Organic food — is it worth the money?
I think so and from what I’ve read, most of the time there is a difference in the nutritional value, not to mention the avoidance of pesticides and the impact on the environment. To me, it’s as much about what I’m NOT eating as what I am eating. This is important if you have celiac disease or other autoimmune or chronic conditions — and most of us have something a little off-kilter going on inside (hey, no body’s perfect). I’m going to resist launching into an anatomy lesson here, but our bodies don’t need the additional burden of figuring out what to do with the pesticide residue that often tags along with conventionally grown foods.
A National Academy of Sciences study stated that, “Low level pesticide exposure can cause serious, developmental risks to infants and children, some with lifelong consequences.” While limiting exposure is especially important for kids, it’s important for everyone, regardless of age. Continually dosing ourselves with synthetic fertilizers and chemicals designed to kill insects, fungal “pests,” and weeds can’t possibly be good for us. If this stuff keeps animals, insects, and bacteria from eating the food, maybe we shouldn’t be eating it either. Uh-oh, does that mean these little critters are smarter than we are?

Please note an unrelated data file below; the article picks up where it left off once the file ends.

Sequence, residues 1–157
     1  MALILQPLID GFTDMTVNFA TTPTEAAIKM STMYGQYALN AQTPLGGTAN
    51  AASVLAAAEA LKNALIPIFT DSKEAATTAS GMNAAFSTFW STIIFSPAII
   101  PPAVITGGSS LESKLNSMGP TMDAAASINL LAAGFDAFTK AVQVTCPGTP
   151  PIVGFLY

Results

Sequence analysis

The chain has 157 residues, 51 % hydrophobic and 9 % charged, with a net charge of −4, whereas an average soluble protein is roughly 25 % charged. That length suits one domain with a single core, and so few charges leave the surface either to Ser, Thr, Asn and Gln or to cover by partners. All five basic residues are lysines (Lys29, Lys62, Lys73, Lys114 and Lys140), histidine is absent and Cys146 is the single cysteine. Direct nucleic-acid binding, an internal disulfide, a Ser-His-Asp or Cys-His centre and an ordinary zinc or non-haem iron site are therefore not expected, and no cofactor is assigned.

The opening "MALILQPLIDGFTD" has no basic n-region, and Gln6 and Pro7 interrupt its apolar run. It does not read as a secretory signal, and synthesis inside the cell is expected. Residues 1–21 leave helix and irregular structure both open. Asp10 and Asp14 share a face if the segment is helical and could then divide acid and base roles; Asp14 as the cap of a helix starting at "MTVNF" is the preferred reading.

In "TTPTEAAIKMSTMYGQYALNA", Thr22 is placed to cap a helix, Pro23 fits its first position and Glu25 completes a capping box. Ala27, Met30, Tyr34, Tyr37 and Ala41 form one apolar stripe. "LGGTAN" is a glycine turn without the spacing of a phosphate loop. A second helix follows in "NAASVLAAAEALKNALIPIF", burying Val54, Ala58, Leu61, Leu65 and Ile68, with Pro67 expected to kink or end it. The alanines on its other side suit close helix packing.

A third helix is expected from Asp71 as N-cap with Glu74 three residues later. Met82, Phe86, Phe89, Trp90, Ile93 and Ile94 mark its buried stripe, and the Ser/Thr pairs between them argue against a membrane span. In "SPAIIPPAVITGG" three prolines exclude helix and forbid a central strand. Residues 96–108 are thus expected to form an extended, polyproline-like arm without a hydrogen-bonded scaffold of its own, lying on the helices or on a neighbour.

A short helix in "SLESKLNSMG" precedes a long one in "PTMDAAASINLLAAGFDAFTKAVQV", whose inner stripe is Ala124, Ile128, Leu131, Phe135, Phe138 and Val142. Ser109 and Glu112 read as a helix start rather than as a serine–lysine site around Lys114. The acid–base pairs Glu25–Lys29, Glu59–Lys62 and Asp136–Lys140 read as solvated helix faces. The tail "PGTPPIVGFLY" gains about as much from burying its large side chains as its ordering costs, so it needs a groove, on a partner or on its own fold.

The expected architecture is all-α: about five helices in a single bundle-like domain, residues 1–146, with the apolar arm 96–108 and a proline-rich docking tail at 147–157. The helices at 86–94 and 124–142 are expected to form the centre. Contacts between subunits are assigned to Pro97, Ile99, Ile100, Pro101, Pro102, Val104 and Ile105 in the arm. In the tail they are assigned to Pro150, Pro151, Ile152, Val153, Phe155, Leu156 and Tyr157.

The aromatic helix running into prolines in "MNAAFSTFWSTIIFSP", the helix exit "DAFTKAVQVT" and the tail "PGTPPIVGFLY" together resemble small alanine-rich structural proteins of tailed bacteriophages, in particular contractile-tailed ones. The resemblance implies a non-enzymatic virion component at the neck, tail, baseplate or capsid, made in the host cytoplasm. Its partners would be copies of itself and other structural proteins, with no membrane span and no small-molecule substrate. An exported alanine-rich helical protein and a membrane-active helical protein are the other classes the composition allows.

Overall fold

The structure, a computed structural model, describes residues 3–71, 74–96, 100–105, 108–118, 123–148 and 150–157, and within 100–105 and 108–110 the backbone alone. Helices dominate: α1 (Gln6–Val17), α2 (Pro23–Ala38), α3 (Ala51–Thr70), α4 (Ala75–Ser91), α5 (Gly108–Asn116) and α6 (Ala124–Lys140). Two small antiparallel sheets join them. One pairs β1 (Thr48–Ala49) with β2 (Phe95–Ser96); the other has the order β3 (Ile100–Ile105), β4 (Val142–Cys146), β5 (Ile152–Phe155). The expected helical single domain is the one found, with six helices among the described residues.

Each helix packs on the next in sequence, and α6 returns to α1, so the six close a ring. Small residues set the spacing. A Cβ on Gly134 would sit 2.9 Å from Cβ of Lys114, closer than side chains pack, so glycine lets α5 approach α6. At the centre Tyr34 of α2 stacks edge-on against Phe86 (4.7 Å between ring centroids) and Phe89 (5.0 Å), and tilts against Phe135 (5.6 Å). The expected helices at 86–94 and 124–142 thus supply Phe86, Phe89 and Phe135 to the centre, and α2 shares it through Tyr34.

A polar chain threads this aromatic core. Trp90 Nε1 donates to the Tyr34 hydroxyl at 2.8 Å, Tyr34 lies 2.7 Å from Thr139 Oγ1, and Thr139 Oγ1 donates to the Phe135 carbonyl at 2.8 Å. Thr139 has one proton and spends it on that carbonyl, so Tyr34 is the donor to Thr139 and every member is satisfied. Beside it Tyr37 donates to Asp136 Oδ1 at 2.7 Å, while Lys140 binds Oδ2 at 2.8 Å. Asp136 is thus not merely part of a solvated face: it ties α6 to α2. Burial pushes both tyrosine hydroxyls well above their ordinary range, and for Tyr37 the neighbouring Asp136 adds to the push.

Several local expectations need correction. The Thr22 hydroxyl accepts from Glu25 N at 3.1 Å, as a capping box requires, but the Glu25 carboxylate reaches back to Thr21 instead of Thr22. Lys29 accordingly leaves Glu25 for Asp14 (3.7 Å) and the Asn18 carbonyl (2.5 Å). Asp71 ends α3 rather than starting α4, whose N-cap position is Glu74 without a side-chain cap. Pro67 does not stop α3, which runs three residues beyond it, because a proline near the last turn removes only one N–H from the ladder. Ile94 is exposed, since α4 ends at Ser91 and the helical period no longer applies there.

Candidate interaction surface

At least try to minimize exposure by choosing organic when purchasing the following fruits and vegetables (the first list below). These have been labeled the “Dirty Dozen” by the Environmental Working Group after running over 50,000 tests for pesticides on produce collected between 2000 and 2005. If you can’t opt for organic in all your food choices, try to make your conventional choices from the “Cleanest 12” and your organic choices from the “Dirty Dozen” list.
The Dirty Dozen (highest in pesticide residue in order as listed)
sweet bell peppers
The Cleanest 12 (lowest in pesticides)
sweet corn (frozen)
sweet peas (frozen)
Get the full list of results at www.foodnews.org.
I’m anxiously (seriously, I can’t sleep at night) awaiting the spring start-up of my Grant Family Farms CSA weekly delivery of organic fruits and vegetables. Have I mentioned how much I love these guys? Okay, okay — I know I talk about them a lot, but I’m not obsessed or anything. I promise. Well, maybe a little, but the bottom line is — I want safe, healthy, nutritious food that is locally grown by people who not only care about the food they’re growing, but how it impacts the environment as well. Yes, I admit it, I love these people.
Go forth and eat organic food, join a CSA, and thrive!
P.S. The above photo depicts some odds and ends in my refrigerator crisper drawer and the dregs from almost-empty rice bags. Everything is organic. I also had a left-over baked sweet potato and some home-made broth in the fridge. The result was the most wonderful and nutritious soup. Eating organic does not have to be expensive and with a little creativity you can stretch something like this “catch-all” soup for 2 or 3 days.